Oh yeah, and then Iron Man shows up after finally waking up from his period of braindead-ery.

By "braindead-ery" of course I mean, "shrooming."

Go ahead and ask, don’t expect any answers from me.

Essentially, Siege is meant to serve as a massive culmination for all the conflicts brewing over the past year or so, as most of the battles that take place during the siege of Asgard have been long overdue.

By stories’ end, Osborn and his forces are defeated and/or repelled, however one final obstacle stands before our heroes…

A certain golden, retarded obstacles that’s just been given orders to kill…

At that point, The Sentry makes his long hinted at, and all too obvious transformation into his alternative EVIL persona, The Void, thereby resulting in a climax scenario that mirrors that of just about every major anime film since Nausicaa.

Pictured: The climax of Siege.

The world world crumbles, major characters die violent deaths… Oh whatever, I’ll just let Bill Murray handle this for me, he’s so much better at it:

CLICK HERE ‘CAUSE YOUTUBE FAILS AT EMBEDDING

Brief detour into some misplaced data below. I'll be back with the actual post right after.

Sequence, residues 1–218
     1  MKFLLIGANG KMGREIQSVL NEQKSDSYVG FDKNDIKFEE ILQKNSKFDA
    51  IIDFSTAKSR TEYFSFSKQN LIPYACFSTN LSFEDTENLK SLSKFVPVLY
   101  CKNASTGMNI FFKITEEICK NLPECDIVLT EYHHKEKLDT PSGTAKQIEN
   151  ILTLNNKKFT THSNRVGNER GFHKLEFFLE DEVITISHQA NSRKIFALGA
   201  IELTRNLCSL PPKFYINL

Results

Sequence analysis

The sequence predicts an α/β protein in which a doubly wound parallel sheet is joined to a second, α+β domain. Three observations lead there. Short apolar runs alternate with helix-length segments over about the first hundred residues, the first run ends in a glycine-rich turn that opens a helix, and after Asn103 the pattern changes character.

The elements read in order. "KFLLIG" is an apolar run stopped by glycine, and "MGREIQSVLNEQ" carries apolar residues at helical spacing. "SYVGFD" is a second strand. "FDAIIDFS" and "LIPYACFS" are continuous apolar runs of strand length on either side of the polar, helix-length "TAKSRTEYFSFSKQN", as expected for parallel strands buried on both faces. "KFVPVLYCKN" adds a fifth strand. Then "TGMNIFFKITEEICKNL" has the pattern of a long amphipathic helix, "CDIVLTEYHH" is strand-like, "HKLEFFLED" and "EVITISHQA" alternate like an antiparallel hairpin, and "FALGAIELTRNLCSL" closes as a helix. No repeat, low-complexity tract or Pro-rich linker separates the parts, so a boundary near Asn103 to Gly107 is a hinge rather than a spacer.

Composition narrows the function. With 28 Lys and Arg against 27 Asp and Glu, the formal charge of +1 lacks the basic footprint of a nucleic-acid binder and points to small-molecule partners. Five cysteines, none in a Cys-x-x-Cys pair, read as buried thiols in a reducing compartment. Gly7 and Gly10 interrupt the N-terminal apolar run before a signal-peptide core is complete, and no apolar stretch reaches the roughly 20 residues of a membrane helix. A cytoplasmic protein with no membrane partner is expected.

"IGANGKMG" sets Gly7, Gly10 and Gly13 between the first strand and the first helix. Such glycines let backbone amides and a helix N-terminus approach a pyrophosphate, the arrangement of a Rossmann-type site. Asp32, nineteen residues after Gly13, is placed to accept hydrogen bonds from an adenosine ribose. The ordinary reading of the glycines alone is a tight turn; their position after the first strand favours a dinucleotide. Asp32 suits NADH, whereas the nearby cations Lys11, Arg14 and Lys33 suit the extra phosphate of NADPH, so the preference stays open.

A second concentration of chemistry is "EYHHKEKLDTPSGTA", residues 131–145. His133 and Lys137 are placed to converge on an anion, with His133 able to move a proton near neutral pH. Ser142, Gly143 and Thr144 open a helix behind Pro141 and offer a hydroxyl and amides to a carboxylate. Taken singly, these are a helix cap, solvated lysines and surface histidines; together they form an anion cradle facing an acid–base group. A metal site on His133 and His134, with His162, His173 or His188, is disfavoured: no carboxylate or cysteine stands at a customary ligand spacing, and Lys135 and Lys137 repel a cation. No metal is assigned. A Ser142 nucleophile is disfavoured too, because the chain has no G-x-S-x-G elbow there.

*Sigh* Now that we’ve got all that goddamn explanation out of the way, let’s get down to how I felt about Siege.

I liked Siege.

It was straightforward, tautly paced, and reasonably approachable for the most part.

The whole thing is only 4 issues long, with an additional 2 included for the purpose of providing expositional padding for the collected edition.

Unlike say, DC’s Blackest Night (we’ll cover that some other time), which was 8 issues long, Siege had the advantage of being a streamlined, and simple event meant to appeal on the basest of levels.

Pictured: A similar ploy to appeal to said levels.

Probably my favorite part about Siege, was the fact that it really is just an “event.”

The whole story takes place over the course of a handful of hours, resulting in a scenario that feels focused and immediate to the point in which there isn’t really any room for plot holes to emerge.

On the downside, the relatively low page count also means that most of the individual battles you’ve been waiting all this time to see, the Venom vs. Spider-Man, the Wolverine vs. Daken, Iron Man vs. The Iron Patriot, end up being shown in the background of panels, but rarely ever explored in any sort of detail.

Sadly, this is actually kind of accurate...

That being said, Siege is an event that, like most event comics, seems to require the reader to take a look at some of the spin-offs and crossovers to get the whole picture, at least for the characters they care about.

Personally, I see myself checking out Siege: Battlefield and definitely Siege: Thunderbolts at some point, however I’ve heard Siege: Embedded is bad news.

Pictured: A woman receiving several copies of Siege: Embedded from an elephant.

While I haven’t personally read Brian Michael Bendis before, (remember, I’m not an Avengers guy) I can honestly say that after reading Siege, I’m thinking about taking a look at some of his other stuff.